Honour Killings: Virginity tests to be banned in UK

Honour Killings: Virginity tests to be banned in UK

England and Wales are set to make virginity testing a criminal offence as campaigners warn the unscientific practice leaves women and girls at risk of so-called 'honour' killings.

The procedure involves an examination to assess whether the hymen is intact. This is based on the false but widely held belief that all women and girls' hymens are broken in the first instance of penetrative vaginal sex.

The move to criminalise the practice follows a private member's bill introduced by Conservative MP Richard Holden to outlaw the intrusive procedure. 

With the backing of the Department of Health and Social Care, the proposals have now been introduced into the Health and Care Bill.

The draft legislation also includes for the first time the banning of hymenoplasty - the process by which the hymen is temporarily reconstructed. The procedure is also known as hymen or virginity 'repair'.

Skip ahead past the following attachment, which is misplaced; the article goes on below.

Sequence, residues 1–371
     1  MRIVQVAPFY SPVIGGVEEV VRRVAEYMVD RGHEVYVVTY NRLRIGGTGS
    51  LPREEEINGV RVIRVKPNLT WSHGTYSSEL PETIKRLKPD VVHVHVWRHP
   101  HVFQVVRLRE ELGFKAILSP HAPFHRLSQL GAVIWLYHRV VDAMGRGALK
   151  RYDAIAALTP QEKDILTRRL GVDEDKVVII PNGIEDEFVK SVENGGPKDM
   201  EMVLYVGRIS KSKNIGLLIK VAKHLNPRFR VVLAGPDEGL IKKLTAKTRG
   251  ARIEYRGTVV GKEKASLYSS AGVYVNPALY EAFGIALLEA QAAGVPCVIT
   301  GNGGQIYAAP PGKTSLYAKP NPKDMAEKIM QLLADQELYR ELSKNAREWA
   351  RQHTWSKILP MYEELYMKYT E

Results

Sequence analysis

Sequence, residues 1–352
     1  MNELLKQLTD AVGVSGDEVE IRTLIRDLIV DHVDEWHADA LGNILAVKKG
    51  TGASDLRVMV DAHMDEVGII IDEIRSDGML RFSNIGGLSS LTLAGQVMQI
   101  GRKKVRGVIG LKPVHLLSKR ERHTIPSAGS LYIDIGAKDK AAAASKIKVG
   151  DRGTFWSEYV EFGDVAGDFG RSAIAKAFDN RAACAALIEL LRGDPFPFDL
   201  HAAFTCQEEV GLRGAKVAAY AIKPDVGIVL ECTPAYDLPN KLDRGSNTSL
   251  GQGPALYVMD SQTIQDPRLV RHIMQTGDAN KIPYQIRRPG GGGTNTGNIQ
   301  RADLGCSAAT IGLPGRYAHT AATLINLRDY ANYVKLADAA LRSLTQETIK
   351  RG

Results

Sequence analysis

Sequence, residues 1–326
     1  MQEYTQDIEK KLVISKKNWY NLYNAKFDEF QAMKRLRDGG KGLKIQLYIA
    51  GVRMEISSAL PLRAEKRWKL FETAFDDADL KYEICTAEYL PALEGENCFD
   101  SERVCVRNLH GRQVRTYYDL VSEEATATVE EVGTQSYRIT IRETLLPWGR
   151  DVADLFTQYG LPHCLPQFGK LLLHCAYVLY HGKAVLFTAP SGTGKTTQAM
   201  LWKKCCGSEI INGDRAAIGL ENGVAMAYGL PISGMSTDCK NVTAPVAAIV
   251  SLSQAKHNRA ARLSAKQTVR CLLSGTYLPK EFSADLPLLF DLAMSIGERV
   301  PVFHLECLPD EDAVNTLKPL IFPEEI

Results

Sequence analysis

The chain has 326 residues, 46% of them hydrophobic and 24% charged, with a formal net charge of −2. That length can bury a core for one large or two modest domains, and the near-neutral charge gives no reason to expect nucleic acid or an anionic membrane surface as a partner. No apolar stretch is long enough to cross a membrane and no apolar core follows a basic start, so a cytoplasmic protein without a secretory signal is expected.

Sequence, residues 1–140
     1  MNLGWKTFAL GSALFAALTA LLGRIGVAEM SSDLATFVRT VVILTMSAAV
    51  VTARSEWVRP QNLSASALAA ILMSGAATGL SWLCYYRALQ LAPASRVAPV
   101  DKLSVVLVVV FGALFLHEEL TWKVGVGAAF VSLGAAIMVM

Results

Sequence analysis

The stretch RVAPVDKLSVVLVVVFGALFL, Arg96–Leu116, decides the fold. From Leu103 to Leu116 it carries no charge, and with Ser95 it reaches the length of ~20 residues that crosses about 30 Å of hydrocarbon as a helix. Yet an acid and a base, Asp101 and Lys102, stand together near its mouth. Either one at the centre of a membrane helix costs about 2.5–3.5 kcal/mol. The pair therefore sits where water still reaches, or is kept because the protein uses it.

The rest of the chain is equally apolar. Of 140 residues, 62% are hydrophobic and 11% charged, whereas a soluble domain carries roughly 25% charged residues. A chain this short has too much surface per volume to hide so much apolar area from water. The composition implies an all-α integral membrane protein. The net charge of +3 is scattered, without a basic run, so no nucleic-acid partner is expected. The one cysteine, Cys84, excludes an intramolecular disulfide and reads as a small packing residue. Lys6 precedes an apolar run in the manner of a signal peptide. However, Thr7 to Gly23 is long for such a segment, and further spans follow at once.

Under the bill, anyone found to have carried out the procedure would be breaking the law.   

Campaigners have raised concerns that any woman or girl who 'fails' a virginity test could be at risk of a so-called honour killing. 

Heshu Yones, whose death in 2002 was the first UK murder to be recognised by police as an honour killing, was killed by her father after allegedly failing a virginity test. She was 16 years old. 

Karma Nirvana, a charity aiming to end honour-based abuse in the UK, has seen a 75 per cent increase in calls to its national helpline regarding virginity testing and hymenoplasty since October last year.